Edinburgh-based Charlie Stross has an interesting and, to my way of thinking, compelling theory about Apple's strategy for the future of personal computing in a post somewhat misleadingly titled, The real reason why Steve Jobs hates Flash. Jobs recently posted an open letter called Thoughts on Flash that inspired this theory. His notion, unfairly abridged, is that in a world where desktop computers are becoming commoditized and where wireless broadband is disrupting the wired variety, the momentum belongs to mobile wireless devices that operate in the cloud. The business end of this for Apple is controlling apps and other content that these mobile devices require.
As I was reading it, I was reflecting on how my own computing is changing. Yes, I still prefer a keyboard for composition, but the three biggest improvements in my use of information in the past year have been Evernote, Pandora, Dropbox and a Mobiata iPhone/Android app called FlightTrack Pro. All these apps store my information somewhere in the cloud (don't care where). The first three operate on all or most of the (too many) platforms for which I have devices. If I want to call up meeting notes or a web write-up, I use Evernote from one of my computers, my BlackBerry (w0rk) or my iPhone (personal). If I want to listen to music, I use Pandora, again from a variety of devices, including my TV via Roku (can't remember the last time I used my iPod or listened to music on my iPhone). If I need to pass files among these many devices, Dropbox does a great job (too bad I can't pass files to an editing or spreadsheet app on the iPad). FlightTrack is probably self-explanatory, but it's great for tracking my own travel and that of relatives.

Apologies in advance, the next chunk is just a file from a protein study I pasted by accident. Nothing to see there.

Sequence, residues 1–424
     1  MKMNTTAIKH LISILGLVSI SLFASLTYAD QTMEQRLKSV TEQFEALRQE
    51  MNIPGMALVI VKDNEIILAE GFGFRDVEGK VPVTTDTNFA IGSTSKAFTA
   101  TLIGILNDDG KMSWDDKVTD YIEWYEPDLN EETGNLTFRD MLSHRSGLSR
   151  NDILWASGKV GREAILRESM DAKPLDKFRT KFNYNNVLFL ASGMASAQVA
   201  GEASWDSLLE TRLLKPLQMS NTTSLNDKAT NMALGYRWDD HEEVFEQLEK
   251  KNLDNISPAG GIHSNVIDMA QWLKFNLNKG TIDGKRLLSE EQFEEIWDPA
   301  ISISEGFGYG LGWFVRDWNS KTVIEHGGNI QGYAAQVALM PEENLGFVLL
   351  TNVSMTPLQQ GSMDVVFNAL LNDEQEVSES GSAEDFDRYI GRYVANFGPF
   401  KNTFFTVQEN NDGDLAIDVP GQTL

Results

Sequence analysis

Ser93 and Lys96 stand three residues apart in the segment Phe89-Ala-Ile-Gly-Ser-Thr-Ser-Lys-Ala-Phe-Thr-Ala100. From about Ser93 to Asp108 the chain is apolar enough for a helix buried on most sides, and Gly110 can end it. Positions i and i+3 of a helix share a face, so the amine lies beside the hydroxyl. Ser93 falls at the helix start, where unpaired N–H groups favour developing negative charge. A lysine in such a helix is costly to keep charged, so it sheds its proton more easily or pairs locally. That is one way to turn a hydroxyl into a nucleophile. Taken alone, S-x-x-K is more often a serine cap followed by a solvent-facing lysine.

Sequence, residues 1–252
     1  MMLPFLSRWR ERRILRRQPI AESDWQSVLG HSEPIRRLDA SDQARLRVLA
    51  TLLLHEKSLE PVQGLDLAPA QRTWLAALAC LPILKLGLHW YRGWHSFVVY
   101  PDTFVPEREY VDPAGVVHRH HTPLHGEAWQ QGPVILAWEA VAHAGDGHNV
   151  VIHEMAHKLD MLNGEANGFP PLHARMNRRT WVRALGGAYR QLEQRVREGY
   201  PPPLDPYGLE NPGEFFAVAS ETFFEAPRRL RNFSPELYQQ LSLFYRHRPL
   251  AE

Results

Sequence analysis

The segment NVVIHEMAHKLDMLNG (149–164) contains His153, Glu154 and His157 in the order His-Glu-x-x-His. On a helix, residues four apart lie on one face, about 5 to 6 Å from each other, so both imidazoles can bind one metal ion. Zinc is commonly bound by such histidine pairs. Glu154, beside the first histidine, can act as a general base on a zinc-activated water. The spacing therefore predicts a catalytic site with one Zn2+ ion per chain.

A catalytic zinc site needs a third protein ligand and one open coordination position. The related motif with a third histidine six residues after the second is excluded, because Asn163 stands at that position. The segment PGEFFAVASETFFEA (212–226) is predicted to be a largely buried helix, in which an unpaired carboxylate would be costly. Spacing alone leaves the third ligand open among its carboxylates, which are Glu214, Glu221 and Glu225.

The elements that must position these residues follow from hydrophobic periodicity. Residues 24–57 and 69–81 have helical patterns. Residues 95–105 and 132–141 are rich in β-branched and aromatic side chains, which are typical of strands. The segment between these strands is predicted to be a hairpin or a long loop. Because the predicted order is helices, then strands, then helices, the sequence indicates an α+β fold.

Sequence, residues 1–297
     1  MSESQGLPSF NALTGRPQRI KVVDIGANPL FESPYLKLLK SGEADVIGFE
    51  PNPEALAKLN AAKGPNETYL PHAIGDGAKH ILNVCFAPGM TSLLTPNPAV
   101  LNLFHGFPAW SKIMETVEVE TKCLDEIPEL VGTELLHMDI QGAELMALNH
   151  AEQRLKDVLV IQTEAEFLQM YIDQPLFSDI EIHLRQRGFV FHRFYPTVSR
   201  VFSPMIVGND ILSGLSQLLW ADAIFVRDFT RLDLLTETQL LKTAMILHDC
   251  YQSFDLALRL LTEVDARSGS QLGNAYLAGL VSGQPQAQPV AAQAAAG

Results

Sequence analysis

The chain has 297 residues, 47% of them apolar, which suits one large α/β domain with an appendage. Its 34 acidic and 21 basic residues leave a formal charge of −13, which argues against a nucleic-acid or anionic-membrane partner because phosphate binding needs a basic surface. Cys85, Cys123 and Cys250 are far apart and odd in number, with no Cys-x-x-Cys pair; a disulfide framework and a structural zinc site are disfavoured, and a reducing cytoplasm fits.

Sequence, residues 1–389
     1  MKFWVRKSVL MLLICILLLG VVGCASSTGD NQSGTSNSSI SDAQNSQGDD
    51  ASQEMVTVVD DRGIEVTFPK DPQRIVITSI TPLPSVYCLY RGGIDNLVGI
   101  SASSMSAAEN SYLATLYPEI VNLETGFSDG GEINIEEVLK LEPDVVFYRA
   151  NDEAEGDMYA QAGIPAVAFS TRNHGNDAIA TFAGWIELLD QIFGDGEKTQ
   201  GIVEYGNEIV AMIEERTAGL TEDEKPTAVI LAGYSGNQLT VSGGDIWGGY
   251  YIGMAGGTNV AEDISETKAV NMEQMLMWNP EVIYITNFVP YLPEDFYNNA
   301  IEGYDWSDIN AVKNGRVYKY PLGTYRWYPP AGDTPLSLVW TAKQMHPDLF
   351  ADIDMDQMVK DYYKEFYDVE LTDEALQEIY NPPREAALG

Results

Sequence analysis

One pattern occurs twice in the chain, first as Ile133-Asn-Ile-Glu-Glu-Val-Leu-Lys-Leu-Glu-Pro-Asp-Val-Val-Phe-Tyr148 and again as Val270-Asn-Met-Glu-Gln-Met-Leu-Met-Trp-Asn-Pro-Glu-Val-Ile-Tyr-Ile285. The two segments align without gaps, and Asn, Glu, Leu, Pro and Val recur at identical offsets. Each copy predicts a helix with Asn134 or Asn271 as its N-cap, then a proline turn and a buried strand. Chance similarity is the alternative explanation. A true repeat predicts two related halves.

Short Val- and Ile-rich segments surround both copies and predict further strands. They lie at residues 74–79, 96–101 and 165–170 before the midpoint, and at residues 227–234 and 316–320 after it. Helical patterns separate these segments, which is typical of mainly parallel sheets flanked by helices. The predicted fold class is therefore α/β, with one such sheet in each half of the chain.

I just finished a two week loan of an iPad and told the next recipient that I probably wouldn't be buying it, in part, because I need to create and move work files better than the iPad can handle, but if Stross is correct, that's likely to be only temporary. Evernote already has a brilliant app on the iPad -- nearly enough to make me want to get the machine. So, Macs and PCs, may be that you're just not that special any more.
Thanks to Stephen Hill for the tip.
Update 6 May 2010:
Walter Mossberg has a good explanation of cloud computing in his Wall Street Journal column today. --Dennis